It’s been a few weeks since I last posted and, as I write this, I am enjoying my first holiday in months with the rest of the Sadler clan in North Wales. I absolutely love being in Abersoch. We’ve been having family vacations here (and have even lived down here for extended periods) for my entire life so it has become something of a safe haven where we all completely unwind and relax. It also has a pretty epic shooting school which will be featuring in a future blog…
I have really been looking forward to a break and taking some time out. My work weeks are
usually very demanding and then I tend to head on out to the countryside every Friday evening. Being so busy, doing lots of driving and constantly being on the go can really take its toll, so I was excited to know that I was in for some serious down time with the most important daily decision being ‘which beach to walk the dogs on’! Before I hit holiday mode, I had two big shoots – a sim day at Six Mile Bottom in Cambridgeshire and The Fieldsports Champion of Champions Shoot at Grimsthorpe Shooting.
Six Mile Bottom sim day is a ‘must’ for anyone in the South/Midlands who wants to get their eye in ahead of the season. Guns meet at The Green Man Pub for breakfast, so I turned up nice and early ready for a top day of shooting but also catching up with some of the girls. I make sure to get a day’s shooting at Six Mile every season as I think the hospitality is excellent, the targets varied and challenging but the most impressive aspect is the stunning scenery!
With breakfast and the safety briefing wrapped up, it was time to head off to the first drive – I was so excited to put some lead in the air. All the guns were paired up, but each shooting a full drive, and I was lucky to be paired with the lovely Ali Henton from The Field magazine. It was the first time we had shot together and I really wanted to make a good impression but – and rather embarrassingly – Sod’s Law prevailed and I was absolutely rubbish. I was of course safe with every shot I attempted, but I just couldn’t get my eye in! I love a Sim day – more so than going to a clay ground – but I was not enjoying my poor efforts. At one point, we had some cracking driven targets, which are my favourite, but I was missing them! I was mortified. To make matters worse, Ali told me she wasn’t a huge fan of a driven targets but that morning was absolutely smashing them! I was actually grateful for the horn to go at the end of the first drive and I joked that I was shooting on behalf of the Clay Preservation Society…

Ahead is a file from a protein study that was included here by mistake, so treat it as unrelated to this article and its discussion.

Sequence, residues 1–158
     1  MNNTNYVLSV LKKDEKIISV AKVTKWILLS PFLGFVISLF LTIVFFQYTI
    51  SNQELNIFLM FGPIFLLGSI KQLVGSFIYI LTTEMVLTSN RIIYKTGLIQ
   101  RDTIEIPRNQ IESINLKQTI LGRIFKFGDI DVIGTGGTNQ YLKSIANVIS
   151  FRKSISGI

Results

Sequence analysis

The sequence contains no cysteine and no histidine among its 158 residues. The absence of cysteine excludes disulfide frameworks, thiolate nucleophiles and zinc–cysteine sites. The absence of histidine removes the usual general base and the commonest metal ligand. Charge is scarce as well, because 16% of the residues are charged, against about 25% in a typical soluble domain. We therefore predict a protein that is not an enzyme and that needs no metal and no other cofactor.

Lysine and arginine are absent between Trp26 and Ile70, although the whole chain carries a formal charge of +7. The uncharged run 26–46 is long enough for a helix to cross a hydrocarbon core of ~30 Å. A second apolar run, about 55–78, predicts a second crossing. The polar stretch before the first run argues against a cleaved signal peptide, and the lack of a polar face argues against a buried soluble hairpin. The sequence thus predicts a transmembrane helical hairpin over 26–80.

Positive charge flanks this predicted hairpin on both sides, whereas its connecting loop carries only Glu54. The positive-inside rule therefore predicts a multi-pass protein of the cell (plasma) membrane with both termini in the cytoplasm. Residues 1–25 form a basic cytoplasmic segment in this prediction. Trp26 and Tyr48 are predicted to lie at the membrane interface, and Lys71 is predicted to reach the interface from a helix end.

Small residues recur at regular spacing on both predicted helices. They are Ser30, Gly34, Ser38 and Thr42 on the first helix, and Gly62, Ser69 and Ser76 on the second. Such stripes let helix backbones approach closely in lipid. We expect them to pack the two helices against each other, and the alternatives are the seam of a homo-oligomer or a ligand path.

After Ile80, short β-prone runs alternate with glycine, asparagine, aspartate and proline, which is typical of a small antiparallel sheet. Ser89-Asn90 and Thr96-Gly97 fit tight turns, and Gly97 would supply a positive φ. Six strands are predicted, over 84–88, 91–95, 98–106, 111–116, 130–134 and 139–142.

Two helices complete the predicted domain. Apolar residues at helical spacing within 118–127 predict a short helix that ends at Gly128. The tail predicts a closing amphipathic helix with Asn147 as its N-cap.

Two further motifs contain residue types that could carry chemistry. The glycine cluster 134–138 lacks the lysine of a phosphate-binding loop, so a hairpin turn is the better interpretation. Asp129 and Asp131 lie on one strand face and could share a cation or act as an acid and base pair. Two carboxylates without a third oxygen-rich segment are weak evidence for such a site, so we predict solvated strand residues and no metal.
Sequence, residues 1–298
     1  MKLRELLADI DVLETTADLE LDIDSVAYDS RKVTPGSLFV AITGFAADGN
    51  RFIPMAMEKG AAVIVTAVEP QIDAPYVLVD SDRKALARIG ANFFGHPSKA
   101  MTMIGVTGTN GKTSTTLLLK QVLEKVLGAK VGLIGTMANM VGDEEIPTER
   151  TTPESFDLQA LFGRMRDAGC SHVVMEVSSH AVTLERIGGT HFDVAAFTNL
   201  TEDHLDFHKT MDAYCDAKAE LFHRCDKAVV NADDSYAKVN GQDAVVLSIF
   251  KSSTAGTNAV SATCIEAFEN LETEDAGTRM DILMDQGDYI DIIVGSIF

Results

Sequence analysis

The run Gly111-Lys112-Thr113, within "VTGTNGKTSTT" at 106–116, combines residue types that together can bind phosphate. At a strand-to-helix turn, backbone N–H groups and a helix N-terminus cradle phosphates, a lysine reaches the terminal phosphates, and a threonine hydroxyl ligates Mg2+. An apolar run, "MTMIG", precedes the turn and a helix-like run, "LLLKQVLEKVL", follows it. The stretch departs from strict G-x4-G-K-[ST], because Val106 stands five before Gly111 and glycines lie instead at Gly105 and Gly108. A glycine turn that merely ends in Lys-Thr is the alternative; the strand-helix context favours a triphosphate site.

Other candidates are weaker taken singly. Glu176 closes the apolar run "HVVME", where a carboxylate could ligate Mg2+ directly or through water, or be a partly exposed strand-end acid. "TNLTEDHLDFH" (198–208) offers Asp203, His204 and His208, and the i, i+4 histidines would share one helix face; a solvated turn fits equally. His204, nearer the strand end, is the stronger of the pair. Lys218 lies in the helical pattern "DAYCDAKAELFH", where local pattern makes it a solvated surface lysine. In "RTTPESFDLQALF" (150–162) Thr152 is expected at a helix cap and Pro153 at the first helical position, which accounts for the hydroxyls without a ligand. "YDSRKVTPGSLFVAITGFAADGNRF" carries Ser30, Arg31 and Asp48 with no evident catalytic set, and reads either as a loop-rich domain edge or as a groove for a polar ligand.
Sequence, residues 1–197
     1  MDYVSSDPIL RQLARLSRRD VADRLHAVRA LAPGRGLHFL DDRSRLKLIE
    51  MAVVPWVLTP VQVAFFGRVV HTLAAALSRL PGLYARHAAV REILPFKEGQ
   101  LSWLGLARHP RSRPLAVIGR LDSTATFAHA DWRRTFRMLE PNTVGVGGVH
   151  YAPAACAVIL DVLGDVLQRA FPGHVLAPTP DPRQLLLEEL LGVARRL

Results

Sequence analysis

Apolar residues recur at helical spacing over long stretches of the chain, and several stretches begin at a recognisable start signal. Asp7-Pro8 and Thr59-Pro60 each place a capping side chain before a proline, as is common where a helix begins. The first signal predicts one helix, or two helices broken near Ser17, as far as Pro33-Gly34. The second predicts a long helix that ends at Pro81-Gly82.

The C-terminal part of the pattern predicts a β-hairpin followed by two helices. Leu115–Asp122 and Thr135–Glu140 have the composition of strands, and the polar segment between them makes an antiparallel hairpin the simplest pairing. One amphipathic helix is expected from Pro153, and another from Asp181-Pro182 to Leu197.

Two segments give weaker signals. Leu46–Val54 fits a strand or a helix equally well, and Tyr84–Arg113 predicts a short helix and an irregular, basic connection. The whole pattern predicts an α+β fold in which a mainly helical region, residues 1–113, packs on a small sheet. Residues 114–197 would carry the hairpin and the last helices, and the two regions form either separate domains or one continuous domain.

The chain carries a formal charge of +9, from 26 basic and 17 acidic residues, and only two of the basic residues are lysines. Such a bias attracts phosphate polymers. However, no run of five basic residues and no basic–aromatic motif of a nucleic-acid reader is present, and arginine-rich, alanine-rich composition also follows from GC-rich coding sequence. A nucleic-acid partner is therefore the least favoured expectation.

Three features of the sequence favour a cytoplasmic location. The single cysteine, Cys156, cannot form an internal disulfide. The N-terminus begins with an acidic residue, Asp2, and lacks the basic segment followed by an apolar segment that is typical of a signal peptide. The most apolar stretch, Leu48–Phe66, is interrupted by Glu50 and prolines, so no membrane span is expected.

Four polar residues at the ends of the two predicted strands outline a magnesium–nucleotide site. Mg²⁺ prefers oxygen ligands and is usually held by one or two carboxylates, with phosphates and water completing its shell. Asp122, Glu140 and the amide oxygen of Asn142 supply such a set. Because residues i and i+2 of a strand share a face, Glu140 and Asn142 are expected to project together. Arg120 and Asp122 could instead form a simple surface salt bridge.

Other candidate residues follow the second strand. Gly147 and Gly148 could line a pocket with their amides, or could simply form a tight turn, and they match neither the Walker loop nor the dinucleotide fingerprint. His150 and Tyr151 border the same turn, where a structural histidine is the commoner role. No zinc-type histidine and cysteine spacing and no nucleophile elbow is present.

This pattern continued for most of the morning although post-elevenses, with sugars and salts replenished, on the fourth drive my eye returned. I must have gone through a good 100 cartridges on this drive alone and loved every second of it. Unfortunately, I hadn’t put one of my ears in properly and, being in such close proximity to the other guns on the platform, I could feel my ear ringing. Excellent.
By the time we reached the final drive, I was looking forward to getting back on the driven clays. I remembered this drive from previous visits and loved the high soaring driven targets flying out from the forest. I started shooting and felt I was back on form. It was getting very hot and so I took my baseball cap off and threw it to the floor. Within seconds I’d had an almighty hit to the head, which knocked me for six, and cut my head open. Great. I know that if I had kept my hat on there may not have been such a cut but it would have offered little protection from the wallop! Thankfully it was shortly time to call it a day, which was lucky considering (and I didn’t know this at the time) the whack to the head would give me concussion…